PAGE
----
First, let's be clear - I don't actually hate fun (although my partner might disagree). However, I do automatically become suspicious every time "fun" is mentioned in a work context. This is because the word is often used as a cover for a lot of other, significantly less fun, terms. For example:
Why fun is bad
When a work environment is described as being "fun", employers seem to stop worrying about whether or not it is actually a good place to work. Employees should just enjoy being there 24/7 because it is such a fun place to be.
In a previous job, I had a boss who called me out for leaving on time. To him, if I enjoyed my work and cared about the company I should naturally want to stay late. The result of this attitude was easy to see: everyone in that team did daily unpaid overtime.
Sadly, my boss was not unique in this respect. Traditionally fun industries such as the games industry regularly do unpaid overtime and put in 70 hour weeks. Because the work is seen as being "cool", and "fun", there is more competition for jobs and employees are more likely to be asked to work beyond their contract.
To gauge whether a company is actually fun, ignore the beanbag armchairs, pizza nights, and foosball tables. Instead, ask the following:
- Is it diverse?
- Do they respect work/life balance?
- Are employees fairly compensated?
If the answer to all of these is "no", that is in no way a fun place to work.
Colleagues aren't friends
Socialising outside of work can seem like harmless downtime - it's just a bit of fun, right? But it can also be negative if it is embedded in work culture.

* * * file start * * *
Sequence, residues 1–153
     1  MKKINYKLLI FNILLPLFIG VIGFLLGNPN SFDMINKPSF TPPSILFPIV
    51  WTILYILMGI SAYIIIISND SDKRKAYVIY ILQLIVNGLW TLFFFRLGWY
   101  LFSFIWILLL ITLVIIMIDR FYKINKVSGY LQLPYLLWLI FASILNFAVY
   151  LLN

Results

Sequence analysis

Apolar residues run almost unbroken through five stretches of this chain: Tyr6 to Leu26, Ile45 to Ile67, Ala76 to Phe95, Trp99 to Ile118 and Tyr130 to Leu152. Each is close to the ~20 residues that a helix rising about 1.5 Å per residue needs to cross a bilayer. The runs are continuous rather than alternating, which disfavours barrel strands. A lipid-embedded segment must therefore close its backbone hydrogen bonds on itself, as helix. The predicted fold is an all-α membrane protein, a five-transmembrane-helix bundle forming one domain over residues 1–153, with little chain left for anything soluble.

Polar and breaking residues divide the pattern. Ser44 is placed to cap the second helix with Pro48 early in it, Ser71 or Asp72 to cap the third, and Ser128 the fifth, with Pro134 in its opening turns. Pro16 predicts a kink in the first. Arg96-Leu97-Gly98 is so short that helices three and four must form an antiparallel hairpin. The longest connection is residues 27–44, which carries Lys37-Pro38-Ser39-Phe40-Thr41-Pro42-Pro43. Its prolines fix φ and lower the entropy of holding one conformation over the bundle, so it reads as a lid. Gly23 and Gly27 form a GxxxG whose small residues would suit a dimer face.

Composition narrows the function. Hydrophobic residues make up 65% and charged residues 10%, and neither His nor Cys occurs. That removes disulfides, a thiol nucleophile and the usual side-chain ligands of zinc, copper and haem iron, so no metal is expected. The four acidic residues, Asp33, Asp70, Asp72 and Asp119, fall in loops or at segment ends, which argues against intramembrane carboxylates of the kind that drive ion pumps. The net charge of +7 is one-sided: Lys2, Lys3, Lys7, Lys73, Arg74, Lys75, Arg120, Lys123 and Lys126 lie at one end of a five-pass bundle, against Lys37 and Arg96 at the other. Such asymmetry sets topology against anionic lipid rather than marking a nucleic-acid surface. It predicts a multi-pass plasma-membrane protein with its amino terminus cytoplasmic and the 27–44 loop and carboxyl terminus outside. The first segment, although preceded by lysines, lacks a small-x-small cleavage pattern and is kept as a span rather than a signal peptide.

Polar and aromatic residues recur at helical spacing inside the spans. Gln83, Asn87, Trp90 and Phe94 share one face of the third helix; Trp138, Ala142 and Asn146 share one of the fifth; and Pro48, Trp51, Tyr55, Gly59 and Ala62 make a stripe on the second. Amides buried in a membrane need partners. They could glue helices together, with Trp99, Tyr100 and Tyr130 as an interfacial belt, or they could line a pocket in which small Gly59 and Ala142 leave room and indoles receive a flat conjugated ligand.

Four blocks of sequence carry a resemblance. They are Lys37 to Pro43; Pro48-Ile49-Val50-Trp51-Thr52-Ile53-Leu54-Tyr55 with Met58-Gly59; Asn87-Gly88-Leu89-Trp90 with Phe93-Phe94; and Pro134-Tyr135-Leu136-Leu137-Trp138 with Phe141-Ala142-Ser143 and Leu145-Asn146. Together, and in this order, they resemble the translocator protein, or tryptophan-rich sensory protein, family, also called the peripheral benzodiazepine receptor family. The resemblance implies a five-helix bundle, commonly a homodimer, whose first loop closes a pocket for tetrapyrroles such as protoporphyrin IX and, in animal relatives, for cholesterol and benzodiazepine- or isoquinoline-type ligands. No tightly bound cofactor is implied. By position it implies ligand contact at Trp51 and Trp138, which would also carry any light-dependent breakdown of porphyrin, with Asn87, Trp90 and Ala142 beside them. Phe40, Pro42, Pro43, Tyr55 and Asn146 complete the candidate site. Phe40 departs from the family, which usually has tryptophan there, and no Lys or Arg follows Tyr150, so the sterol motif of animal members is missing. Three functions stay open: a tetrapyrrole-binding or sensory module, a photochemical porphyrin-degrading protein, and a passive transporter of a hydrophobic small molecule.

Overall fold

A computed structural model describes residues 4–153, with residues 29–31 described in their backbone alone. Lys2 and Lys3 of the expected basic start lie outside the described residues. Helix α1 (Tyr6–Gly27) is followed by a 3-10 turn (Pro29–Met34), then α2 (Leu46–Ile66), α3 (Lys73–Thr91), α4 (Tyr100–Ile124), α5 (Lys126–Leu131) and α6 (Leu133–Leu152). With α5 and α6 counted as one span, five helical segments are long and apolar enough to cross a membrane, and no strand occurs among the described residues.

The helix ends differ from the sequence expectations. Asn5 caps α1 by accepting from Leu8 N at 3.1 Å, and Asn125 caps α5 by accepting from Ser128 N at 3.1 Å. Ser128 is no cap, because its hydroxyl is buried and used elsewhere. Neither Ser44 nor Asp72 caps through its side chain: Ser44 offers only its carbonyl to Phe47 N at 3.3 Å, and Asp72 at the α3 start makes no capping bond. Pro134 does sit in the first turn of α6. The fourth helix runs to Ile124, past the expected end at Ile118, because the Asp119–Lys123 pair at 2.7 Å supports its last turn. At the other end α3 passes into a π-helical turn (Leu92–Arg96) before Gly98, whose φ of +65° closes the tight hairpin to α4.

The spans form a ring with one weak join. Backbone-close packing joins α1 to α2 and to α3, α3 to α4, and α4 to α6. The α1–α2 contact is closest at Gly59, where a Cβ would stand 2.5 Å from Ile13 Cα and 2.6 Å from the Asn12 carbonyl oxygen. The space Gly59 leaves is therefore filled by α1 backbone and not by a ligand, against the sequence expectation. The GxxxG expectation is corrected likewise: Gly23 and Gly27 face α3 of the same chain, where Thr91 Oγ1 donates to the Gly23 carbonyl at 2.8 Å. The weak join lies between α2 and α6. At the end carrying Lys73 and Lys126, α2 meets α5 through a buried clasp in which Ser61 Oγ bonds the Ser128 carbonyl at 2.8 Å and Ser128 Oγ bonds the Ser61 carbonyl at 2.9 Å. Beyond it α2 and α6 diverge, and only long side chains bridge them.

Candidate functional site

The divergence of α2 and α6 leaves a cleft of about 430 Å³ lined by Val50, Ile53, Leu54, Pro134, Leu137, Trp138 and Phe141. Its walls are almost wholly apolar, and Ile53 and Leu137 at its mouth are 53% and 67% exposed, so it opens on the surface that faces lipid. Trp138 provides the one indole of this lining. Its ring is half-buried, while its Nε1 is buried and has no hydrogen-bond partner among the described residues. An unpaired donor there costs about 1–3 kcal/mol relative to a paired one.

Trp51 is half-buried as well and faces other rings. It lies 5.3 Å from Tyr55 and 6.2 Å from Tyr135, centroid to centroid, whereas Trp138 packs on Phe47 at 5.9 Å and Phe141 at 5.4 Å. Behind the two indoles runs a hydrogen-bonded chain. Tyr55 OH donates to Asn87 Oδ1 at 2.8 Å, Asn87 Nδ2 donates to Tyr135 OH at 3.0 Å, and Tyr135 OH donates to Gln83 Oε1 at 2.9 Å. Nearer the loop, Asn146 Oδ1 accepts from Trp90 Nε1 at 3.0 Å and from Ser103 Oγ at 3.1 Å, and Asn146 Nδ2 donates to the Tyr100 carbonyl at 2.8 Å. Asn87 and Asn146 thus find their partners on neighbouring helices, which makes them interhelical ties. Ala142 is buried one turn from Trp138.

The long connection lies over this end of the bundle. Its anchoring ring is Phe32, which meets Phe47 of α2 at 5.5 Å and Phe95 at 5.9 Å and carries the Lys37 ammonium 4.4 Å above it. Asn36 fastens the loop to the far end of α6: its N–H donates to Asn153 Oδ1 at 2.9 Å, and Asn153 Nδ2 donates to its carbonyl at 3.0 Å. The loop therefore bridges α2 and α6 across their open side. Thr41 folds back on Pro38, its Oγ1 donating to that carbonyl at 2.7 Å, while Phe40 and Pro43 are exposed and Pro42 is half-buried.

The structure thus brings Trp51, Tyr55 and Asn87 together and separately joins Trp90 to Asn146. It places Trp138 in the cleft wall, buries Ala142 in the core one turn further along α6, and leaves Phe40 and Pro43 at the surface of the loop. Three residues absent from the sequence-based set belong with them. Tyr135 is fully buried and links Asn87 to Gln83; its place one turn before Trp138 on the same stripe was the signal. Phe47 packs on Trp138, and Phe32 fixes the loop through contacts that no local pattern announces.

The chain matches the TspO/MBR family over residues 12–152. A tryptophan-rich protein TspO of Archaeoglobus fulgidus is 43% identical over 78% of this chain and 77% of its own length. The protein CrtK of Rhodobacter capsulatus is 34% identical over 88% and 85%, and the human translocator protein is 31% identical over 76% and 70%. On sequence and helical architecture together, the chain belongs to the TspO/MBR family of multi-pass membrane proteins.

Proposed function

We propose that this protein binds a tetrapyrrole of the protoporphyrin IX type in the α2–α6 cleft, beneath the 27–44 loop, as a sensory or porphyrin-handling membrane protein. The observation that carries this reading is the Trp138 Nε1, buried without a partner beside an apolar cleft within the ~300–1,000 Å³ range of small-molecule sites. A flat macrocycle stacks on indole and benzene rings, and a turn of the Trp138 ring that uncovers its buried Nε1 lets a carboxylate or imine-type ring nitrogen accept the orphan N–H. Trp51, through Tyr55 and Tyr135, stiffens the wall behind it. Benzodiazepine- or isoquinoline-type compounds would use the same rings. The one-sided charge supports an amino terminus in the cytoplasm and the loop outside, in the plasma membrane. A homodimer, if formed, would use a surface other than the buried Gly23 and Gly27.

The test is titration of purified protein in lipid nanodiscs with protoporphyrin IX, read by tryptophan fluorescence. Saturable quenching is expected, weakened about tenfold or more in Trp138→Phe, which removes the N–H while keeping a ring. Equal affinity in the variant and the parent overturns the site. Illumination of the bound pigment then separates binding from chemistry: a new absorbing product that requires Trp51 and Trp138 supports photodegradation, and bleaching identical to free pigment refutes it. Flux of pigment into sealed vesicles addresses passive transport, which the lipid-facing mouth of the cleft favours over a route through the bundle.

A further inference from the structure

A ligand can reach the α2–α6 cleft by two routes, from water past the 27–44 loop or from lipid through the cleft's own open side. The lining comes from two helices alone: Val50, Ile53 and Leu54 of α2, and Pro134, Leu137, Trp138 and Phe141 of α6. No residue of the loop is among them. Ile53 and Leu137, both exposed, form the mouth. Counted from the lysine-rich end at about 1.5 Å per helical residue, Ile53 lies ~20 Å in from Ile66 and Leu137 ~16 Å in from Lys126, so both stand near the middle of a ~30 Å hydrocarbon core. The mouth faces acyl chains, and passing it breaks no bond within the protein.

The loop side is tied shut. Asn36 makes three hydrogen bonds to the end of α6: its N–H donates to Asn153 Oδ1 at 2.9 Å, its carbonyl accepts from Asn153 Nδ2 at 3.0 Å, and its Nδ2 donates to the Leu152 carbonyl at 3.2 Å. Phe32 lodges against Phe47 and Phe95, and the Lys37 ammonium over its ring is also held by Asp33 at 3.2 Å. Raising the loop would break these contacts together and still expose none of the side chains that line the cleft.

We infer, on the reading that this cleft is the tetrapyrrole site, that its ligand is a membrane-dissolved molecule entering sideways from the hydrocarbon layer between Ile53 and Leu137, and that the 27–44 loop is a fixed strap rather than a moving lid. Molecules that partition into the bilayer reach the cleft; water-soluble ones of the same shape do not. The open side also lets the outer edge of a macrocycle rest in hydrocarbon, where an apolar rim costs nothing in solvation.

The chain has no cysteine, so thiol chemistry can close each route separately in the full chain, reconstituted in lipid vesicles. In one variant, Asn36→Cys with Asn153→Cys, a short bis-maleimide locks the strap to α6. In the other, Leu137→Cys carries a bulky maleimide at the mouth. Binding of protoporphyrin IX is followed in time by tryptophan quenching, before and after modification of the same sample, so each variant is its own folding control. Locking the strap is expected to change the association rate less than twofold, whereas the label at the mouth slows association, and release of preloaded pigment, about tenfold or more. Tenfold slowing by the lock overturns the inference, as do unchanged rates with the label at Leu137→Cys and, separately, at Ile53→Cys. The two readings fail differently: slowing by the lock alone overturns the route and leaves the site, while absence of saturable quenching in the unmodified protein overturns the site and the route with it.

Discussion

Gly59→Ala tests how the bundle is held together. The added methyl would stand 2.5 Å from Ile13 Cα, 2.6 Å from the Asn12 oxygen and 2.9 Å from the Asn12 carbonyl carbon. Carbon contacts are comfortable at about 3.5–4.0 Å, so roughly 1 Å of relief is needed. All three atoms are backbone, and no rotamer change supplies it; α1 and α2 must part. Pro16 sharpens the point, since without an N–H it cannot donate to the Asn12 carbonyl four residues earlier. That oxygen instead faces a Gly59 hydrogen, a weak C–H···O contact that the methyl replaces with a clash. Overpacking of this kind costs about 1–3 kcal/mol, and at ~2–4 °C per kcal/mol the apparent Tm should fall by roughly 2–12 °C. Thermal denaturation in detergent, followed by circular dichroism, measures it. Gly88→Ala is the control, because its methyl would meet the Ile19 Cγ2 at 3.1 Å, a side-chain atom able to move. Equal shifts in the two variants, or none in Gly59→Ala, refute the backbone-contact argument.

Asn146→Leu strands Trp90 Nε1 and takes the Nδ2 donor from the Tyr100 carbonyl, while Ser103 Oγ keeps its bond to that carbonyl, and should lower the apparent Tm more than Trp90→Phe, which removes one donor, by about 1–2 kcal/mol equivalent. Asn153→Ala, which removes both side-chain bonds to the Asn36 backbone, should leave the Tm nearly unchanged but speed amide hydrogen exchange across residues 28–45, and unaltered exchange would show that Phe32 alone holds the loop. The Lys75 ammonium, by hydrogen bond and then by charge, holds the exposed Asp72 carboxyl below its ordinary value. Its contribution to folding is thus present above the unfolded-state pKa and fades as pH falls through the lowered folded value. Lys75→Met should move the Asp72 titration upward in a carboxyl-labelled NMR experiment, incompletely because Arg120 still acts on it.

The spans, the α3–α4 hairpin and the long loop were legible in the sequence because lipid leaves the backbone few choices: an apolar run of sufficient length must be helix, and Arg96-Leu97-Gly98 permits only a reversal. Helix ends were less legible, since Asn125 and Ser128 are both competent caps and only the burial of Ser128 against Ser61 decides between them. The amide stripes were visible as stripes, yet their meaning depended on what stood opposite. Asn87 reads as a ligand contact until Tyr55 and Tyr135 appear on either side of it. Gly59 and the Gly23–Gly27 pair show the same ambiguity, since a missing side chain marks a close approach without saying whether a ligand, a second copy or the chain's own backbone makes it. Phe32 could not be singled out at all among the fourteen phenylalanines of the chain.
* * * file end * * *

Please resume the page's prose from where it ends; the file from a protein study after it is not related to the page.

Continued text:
Rich Armstrong has written a great article on why socialising and staying late can make a workplace less inclusive. He argues that the best way to promote diversity is to make work about, well, work.
When our office culture is focused on business rather than socializing, we reduce the number of ways in which we all have to be the same. When we do that, we allow diversity to flourish.
Socialising outside of work isn't just about having fun - it is also an opportunity for networking and building up relationships. This precludes people who aren't able to stay late (because they live at a distance, are parents, have other obligations, or just don't want to hang out).
If you are a boss who loves to socialise, don't make the mistake of thinking that your employees have a free choice as to whether or not to hang out after work. It can never be a free choice if you have control over those people's careers and salaries.
This is not to say that colleagues can't ever be friends - but you shouldn't have to be friends with someone in order to work with them. It is perfectly fine to have a professional relationship, and nothing else.
Does that mean I can never have fun?
No, of course not! It just means that we need to think about how to make sure everyone is having fun.
If you genuinely want to make your team a fun place to work, here are some ways to achieve that:
- Socialise within working hours. This achieves two things. First, it doesn't exclude anyone who can't stay after work. Second, it shows people that your company values the benefits of social time enough to sacrifice some work time for it.
- Think outside the box. "Fun" doesn't always have to mean pizza or going to the pub. Take a vote on what to do. We've had some great (and unusual) team outings like taking a walk along the river, or going to a local attraction.
- Be inclusive. Make sure that no one is being excluded from coming along. Social events should always be free (or subsidised for those who can't afford it). They should also be something that everyone feels comfortable doing.
- Keep it optional. If an event is genuinely for fun, then people should have the option not to attend. If there is an obligation or clear benefit attached to something, it isn't for fun, it's for work.
Instead of being fun, let's try to make our workplaces more of the following:
That's how to truly have fun at work.